Geostatistics has been known as an effective tool for scale conversion and data integration [18, 19]. Spatial downscaling or disaggregation based on geostatistics has been applied to various fields such as land-cover mapping [20], population density estimation [21], and image sharpening [22]. Despite its great potential for spatial downscaling, geostatistics has not, to the author’s knowledge, been applied to the downscaling of coarse scale TRMM data with fine scale environmental variables.

In this paper, a geostatistical downscaling scheme is presented that incorporates multiple fine scale environmental variables into downscaling of coarse scale TRMM data in the absence of any ground measurement data. Geostatistical downscaling and data integration are implemented by using area-to-point residual kriging with regression. Elevation and NDVI at a fine scale, which are related to precipitation patterns, are used as auxiliary environmental variables for downscaling of TRMM data. Regression analysis is first conducted to derive statistical relationships between TRMM data and auxiliary environmental variables at an original coarse scale. Then residuals at the coarse scale are downscaled to a finer scale via area-to-point residual kriging by accounting for the spatial correlation information of the input residuals [23]. The final downscaling results are obtained by adding the downscaled residuals to the trend components estimated by regression analysis. This approach can reproduce the original TRMM precipitation values when the downscaling results at a fine scale are upscaled or aggregated to the coarse scale. To quantify the uncertainty of downscaling, stochastic simulation based on block sequential simulation is also implemented. A downscaling experiment using the data sets from South Korea is carried out to examine the potential and demonstrate the applicability of the presented geostatistical scheme for downscaling.

2. Study Area and Data Sets

For the downscaling experiment, the TRMM 3B43 data acquired in October 2005 over South Korea were experimentally used. The original TRMM data that provide precipitation rates (mm/h) at a 0.25° scale were geocoded to Transverse Mercator (TM) coordinates with a spatial resolution of 25 km, and converted to monthly cumulative precipitation at a cm scale (Figure 1(a)). Both digital elevation model (DEM) and NDVI data at 1 km resolution were used as fine scale auxiliary variables, for topography and a proxy for vegetation, respectively. The DEM was generated from digital topographic maps and MODIS monthly NDVI data were used (Figures 1(b) and 1(c)). DEM and NDVI values at land areas were only considered and sea areas were masked out. Independent precipitation data observed at 69 meteorological observation stations in October 2005 were used to quantitatively evaluate the predictive performance of the presented downscaling scheme. In this experiment, the target scale was set to 1 km, which is the same as that of DEM and NDVI.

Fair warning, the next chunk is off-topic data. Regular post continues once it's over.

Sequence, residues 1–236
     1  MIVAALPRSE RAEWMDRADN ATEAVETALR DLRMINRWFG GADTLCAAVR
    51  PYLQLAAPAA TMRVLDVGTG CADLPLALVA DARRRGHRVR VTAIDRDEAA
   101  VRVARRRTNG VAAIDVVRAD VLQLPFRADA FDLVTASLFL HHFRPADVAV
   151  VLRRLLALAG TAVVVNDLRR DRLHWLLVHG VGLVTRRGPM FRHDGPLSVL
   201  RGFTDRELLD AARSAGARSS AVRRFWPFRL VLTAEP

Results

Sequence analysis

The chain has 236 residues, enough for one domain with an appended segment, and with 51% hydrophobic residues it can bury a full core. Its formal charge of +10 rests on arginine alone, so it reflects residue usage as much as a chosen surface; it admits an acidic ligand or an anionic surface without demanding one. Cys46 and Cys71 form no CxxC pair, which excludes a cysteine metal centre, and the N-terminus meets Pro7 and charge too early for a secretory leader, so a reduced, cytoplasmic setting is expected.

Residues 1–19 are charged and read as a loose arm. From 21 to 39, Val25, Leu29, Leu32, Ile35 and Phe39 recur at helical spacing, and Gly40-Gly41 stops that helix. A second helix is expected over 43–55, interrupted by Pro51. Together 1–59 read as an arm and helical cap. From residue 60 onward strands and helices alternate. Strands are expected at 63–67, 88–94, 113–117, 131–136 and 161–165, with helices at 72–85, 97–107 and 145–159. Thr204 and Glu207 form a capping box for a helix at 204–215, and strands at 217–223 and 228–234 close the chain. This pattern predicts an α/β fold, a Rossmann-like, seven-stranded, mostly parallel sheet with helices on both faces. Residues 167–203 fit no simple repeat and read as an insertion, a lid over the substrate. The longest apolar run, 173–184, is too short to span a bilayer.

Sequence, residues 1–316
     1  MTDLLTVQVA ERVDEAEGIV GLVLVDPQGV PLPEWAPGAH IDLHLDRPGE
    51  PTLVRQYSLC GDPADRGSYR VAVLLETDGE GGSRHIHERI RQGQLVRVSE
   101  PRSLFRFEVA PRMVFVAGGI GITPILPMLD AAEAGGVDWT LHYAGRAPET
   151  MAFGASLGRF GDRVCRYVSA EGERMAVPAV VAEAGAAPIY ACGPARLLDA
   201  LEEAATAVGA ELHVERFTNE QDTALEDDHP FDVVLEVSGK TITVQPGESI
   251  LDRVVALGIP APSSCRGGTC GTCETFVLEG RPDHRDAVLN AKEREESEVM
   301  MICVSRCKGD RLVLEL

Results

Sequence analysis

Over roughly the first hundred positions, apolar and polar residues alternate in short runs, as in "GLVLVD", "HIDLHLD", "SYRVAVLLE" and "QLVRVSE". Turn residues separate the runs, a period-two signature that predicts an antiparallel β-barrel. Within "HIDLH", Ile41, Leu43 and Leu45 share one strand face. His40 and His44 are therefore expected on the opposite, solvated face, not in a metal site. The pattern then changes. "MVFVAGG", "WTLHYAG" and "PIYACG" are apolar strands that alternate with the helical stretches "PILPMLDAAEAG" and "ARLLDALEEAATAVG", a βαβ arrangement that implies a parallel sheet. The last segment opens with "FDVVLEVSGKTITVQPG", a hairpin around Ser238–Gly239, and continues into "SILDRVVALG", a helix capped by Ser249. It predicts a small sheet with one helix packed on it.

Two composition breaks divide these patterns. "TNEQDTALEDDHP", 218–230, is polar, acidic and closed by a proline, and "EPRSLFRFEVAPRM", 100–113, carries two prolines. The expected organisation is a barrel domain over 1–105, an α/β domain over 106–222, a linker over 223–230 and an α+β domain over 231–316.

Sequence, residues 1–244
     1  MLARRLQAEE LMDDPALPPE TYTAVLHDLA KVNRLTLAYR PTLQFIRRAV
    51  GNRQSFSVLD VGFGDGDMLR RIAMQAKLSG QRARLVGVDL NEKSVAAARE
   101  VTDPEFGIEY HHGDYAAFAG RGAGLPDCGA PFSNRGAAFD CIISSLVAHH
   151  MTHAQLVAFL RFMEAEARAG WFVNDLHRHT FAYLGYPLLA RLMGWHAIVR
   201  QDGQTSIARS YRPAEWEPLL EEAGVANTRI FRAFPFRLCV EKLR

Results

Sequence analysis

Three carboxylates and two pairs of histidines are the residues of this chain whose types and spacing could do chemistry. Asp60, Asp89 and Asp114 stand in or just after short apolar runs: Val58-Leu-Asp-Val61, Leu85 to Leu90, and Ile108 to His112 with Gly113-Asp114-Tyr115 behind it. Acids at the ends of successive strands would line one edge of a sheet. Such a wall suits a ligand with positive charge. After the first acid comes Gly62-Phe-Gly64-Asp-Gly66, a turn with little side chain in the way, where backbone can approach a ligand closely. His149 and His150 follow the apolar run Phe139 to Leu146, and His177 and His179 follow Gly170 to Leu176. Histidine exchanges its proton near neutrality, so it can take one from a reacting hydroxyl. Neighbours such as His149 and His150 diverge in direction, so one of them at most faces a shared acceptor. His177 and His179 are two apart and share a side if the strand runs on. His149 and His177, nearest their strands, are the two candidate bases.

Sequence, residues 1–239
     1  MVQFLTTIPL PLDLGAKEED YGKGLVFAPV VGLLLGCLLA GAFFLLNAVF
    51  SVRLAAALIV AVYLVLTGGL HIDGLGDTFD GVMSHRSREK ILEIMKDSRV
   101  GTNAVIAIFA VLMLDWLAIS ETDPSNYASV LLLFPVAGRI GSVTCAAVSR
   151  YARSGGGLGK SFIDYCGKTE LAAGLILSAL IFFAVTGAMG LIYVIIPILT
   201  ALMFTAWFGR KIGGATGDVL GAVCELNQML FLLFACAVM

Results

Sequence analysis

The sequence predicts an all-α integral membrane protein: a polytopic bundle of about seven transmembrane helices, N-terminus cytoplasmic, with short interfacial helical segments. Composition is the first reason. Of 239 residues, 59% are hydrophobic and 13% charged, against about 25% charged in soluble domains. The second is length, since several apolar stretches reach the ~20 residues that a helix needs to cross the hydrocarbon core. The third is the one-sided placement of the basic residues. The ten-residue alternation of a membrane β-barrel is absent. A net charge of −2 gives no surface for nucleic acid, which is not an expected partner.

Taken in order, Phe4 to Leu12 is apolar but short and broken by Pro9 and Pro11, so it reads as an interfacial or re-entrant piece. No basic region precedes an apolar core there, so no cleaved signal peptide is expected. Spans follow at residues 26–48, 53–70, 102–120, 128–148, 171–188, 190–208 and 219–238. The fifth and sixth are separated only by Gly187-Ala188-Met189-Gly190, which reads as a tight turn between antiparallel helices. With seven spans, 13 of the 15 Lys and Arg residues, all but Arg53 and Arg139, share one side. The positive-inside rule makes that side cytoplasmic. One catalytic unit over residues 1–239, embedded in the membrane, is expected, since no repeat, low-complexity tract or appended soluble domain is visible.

Figure 1: Data sets used for the downscaling experiment: (a) TRMM precipitation data (unit: mm), (b) DEM (unit: m), and (c) NDVI. The rectangles denote TRMM blocks and the size of each block is 25 km by 25 km.

3. Geostatistical Downscaling

The geostatistical downscaling scheme presented in this paper is summarized in Figure 2. The main key idea of this approach is that TRMM precipitation values are decomposed into deterministic trends and stochastic residuals. The trend components are estimated using auxiliary environmental variables such as DEM and NDVI. More specifically, statistical relationships between original precipitation values and multiple environmental variables at a coarse scale are first derived via multiple regression analysis. Under the assumption that attribute values at a coarse scale are linear averages of their constituent fine scale point values, these relationships are applied to environmental variables at a fine scale and finally trend components are estimated at a fine scale.

Figure 2: Work flows for geostatistical downscaling of coarse scale TRMM precipitation data.

Suppose that a study area of interest consists of TRMM precipitation blocks acquired at a coarse scale , , where is the th data with its centroid . In this study, the TRMM data at a coarse scale are regarded as block data. Other data sources are auxiliary fine scale environmental variables , , within each th block data. denotes the number of discretizing points within each block and its determination depends on the predefined finer scale value.

If the environmental variables show linear relationships with the TRMM precipitation values, the TRMM precipitation data at both coarse and fine scales can be expressed in terms of the environmental variables via multiple linear regression analysis as where are and are regression coefficients for the intercept and slope of the th variable, respectively. is the downscaled precipitation value at a target finer scale within the th block data. and denote the residual components at coarse and fine scales, respectively, which cannot be accounted for by environmental variables.

If the original TRMM data, auxiliary environmental variables, and the residual components at a coarse scale can be expressed by the average values of fine scale data within each block, respectively, (1) can be reformulated as (2)

To obtain the downscaled precipitation value (), the residual component value () at a fine scale needs to be determined from (2), because the regression coefficients have already been determined from (1). To predict residual components at a fine scale, area-to-point simple kriging proposed in Kyriakidis [23] is applied to the residual components available at a coarse scale. Area-to-point simple kriging predicts the residual component values at a fine scale by a linear combination of neighboring attribute values at a coarse scale [23, 24], as shown in (3): where is a simple kriging weight assigned to the neighboring block residual component at a prediction location. Since the mean value of the residual component is zero, a constant mean value required for simple kriging is set to zero and does not appear in (3).